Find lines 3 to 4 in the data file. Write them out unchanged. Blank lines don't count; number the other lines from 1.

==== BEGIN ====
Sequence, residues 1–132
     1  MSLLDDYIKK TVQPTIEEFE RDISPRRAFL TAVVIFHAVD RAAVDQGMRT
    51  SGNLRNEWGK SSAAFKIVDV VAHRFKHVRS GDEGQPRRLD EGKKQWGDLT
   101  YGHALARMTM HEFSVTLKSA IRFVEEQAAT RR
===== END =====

    51  SGNLRNEWGK SSAAFKIVDV VAHRFKHVRS GDEGQPRRLD EGKKQWGDLT
   101  YGHALARMTM HEFSVTLKSA IRFVEEQAAT RR